Pope: St. Joseph, an intercessor, a support and a guide in difficult times
The "guardian of Jesus," "reminds us that all those who are seemingly hidden or in the 'second line' have an unparalleled protagonism in the history of salvation" and that they "sustain the lives of us all."
Vatican City (AsiaNews) - St. Joseph, "the man of daily, discreet and hidden presence" is "an intercessor, a support and a guide in difficult times" who we can turn to and ask to take care of the relationships in our lives, "so that no one experiences that sense of abandonment that comes from loneliness." "St. Joseph in the history of salvation" is the theme of today's audience in the Paul VI Hall and in St. Peter's Basilica on the new cycle of catechesis on St. Joseph.
St. Joseph, "reminds us that all those who are seemingly hidden or in the 'second line' have an unparalleled protagonism in the history of salvation" and who "sustain the lives of all of us," and Francis also dedicated a prayer, recited at the end of the meeting in the hall:
you who guarded the bond with Mary and Jesus,
help us to care for the relationships in our lives.
May no one experience that sense of abandonment
that comes from loneliness.
Let each of us be reconciled with our own history,
with those who have gone before,
and recognise even in the mistakes made
a way through which Providence has made its way,
and evil did not have the last word.
Show yourself to be a friend to those who struggle the most,
and as you supported Mary and Jesus in difficult times,
support us too on our journey. Amen."
In his address, the Pope recalled that Matthew and Luke "present Joseph not as the biological father, but nonetheless as Jesus' father in his own right." "Through him, Jesus accomplishes the fulfillment of the history of the covenant and salvation that has taken place between God and man."
"The evangelist Matthew helps us to understand that the person of Joseph, although apparently marginal, discreet, and in the background, is in fact a central element in the history of salvation. Joseph lives his role without ever seeking to take over the scene. If we think about it, “Our lives are woven together and sustained by ordinary people, people often overlooked. People who do not appear in newspaper and magazine headlines. … How many fathers, mothers, grandparents and teachers are showing our children, in small ways, and in everyday ways, how to accept and deal with a crisis by adjusting their routines, looking ahead and encouraging the practice of prayer. How many are praying, making sacrifices and interceding for the good of all” (Apostolic Letter Patris corde, 1). Thus, everyone can find in Saint Joseph, the man who goes unnoticed, the man of daily presence, of discreet and hidden presence, an intercessor, a support and a guide in times of difficulty. He reminds us that all those who are seemingly hidden or in the “second row” are unparalleled protagonists in the history of salvation. The world needs these men and women: men and women in the second row, but who support the development of our life, of every one of us, and who with prayer, and by their example, with their teaching, sustain us on the path of life."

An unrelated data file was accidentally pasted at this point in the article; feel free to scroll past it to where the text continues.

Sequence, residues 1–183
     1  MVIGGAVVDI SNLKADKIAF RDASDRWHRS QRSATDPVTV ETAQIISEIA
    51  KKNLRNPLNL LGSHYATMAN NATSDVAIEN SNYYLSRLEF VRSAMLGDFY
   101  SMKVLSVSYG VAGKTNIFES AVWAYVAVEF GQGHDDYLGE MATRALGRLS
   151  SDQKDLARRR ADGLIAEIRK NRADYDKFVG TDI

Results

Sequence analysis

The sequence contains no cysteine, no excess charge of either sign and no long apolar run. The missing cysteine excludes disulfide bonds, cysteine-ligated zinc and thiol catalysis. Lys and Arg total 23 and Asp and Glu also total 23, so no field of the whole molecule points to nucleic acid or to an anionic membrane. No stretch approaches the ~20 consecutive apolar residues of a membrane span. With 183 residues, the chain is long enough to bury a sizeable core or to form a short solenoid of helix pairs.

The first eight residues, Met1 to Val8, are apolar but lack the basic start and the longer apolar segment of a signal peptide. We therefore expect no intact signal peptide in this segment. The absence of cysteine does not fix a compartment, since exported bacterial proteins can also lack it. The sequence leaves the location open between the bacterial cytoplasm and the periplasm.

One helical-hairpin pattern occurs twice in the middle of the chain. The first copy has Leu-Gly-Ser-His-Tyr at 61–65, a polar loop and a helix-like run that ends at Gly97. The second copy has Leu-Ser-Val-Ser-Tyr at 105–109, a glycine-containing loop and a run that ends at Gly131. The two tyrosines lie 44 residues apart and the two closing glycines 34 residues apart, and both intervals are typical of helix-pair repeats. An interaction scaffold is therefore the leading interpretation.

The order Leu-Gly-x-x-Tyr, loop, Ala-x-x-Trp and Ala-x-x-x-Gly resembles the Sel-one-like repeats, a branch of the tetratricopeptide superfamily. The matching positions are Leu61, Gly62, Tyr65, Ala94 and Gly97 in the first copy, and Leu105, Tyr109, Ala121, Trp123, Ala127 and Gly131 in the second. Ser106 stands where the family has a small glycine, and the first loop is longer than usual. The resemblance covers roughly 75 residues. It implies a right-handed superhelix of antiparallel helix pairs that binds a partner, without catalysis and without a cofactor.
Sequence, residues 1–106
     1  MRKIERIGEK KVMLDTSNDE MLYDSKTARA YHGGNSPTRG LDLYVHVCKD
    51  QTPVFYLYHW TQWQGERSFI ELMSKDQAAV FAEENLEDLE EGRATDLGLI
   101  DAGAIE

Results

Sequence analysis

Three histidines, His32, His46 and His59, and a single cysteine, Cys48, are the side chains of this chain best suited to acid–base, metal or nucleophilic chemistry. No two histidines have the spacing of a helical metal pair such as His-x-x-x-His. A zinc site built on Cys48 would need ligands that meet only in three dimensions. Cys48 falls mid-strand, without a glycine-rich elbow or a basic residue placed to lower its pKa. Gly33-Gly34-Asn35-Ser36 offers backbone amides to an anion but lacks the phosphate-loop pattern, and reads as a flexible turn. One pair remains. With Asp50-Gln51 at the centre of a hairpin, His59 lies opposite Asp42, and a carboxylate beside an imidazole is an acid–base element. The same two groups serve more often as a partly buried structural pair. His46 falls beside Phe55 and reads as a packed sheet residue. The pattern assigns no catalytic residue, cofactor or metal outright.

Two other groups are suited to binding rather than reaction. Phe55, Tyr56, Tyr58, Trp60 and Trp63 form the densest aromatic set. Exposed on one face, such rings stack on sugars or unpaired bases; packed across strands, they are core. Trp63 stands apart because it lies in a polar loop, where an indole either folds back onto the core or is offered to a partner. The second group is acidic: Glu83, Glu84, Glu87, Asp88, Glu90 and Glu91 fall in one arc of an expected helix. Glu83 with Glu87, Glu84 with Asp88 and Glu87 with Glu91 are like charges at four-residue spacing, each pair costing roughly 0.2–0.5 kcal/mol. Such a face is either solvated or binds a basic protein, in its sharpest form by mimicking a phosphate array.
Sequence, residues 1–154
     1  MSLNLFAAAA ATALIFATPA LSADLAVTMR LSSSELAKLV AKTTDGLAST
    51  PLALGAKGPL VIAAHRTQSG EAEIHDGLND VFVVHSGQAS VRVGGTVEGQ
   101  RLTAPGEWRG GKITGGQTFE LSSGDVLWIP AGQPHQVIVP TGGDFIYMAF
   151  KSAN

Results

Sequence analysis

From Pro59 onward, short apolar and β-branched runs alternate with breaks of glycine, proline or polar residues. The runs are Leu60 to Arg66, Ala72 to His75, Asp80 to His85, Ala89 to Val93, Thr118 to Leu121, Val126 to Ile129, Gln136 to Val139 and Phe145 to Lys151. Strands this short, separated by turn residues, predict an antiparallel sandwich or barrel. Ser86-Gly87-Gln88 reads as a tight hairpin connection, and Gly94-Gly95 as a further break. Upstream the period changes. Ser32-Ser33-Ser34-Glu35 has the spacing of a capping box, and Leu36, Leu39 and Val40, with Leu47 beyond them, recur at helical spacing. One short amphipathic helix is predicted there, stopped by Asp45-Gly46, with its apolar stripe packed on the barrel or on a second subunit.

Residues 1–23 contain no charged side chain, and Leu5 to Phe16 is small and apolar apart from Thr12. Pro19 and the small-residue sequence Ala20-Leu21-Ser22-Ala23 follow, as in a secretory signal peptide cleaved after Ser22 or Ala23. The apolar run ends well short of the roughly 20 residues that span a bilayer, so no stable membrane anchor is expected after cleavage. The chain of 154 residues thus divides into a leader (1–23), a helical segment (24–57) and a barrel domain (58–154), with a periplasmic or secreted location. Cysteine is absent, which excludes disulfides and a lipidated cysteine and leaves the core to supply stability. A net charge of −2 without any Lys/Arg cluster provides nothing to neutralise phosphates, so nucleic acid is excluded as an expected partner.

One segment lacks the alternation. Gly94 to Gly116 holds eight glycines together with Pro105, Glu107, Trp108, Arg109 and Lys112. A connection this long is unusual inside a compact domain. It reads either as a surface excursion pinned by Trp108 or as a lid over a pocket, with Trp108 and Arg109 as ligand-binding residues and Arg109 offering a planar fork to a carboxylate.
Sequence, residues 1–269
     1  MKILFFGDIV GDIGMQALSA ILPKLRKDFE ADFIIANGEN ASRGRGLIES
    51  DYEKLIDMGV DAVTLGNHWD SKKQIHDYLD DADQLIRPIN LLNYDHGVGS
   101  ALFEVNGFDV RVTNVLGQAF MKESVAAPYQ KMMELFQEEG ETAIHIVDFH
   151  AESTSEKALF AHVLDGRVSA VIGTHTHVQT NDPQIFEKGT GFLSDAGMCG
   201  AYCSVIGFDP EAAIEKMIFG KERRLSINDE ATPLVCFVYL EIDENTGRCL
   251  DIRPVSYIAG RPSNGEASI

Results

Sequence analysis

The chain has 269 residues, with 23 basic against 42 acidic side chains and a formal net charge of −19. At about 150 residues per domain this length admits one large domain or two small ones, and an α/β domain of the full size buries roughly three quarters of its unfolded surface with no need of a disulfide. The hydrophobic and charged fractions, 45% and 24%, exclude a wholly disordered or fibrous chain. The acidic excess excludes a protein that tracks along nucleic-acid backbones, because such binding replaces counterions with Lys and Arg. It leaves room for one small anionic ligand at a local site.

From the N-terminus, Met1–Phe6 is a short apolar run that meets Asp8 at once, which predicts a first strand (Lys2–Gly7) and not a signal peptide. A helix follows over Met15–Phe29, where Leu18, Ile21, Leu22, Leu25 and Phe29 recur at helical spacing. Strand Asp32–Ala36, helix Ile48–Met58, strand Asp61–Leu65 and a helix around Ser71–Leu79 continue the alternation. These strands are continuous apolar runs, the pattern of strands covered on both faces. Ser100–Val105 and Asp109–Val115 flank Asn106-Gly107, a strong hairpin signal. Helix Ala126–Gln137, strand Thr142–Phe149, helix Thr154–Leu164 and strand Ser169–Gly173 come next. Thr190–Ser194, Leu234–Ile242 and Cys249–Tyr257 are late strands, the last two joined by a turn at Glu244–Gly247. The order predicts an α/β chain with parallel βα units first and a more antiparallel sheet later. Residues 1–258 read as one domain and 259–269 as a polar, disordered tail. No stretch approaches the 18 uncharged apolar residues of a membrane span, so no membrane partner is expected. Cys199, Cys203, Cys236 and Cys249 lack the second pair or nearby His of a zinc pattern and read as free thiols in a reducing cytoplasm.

"In the Gospel of Luke, Joseph appears as the guardian of Jesus and of Mary. And for this reason, he is also “the Guardian of the Church”: but, if he was the guardian of Jesus and Mary, he works, now that he is in heaven, and continues to be a guardian, in this case of the Church, for the Church is the continuation of the Body of Christ in history, even as Mary’s motherhood is reflected in the motherhood of the Church. In his continued protection of the Church – please do not forget this: today, Joseph protects the Church – and by continuing to protect the Church, he continues to protect the child and his mother” (ibid., 5). This aspect of Joseph’s guardianship is the great answer to the story of Genesis. When God asks Cain to account for Abel's life, he replies: “Am I my brother's keeper?” (4: 9). With his life, Joseph seems to want to tell us that we are always called to feel that we are our brothers and sisters’ keepers, the guardians of those who are close to us, of those whom the Lord entrusts to us through many circumstances of life."
"A society such as ours, which has been defined as “liquid”, as it seems not to have consistency… I will correct the philosopher who coined this definition and say: more than liquid, gaseous, a properly gaseous society. This liquid, gaseous society finds in the story of Joseph a very clear indication of the importance of human bonds. Indeed, the Gospel tells us the genealogy of Jesus, not only for a theological reason, but also to remind each one of us that our lives are made up of bonds that precede and accompany us. The Son of God chose to come into the world by way of such bonds, the way of history: he did not come down into the world by magic, no. He took the historic route we all take."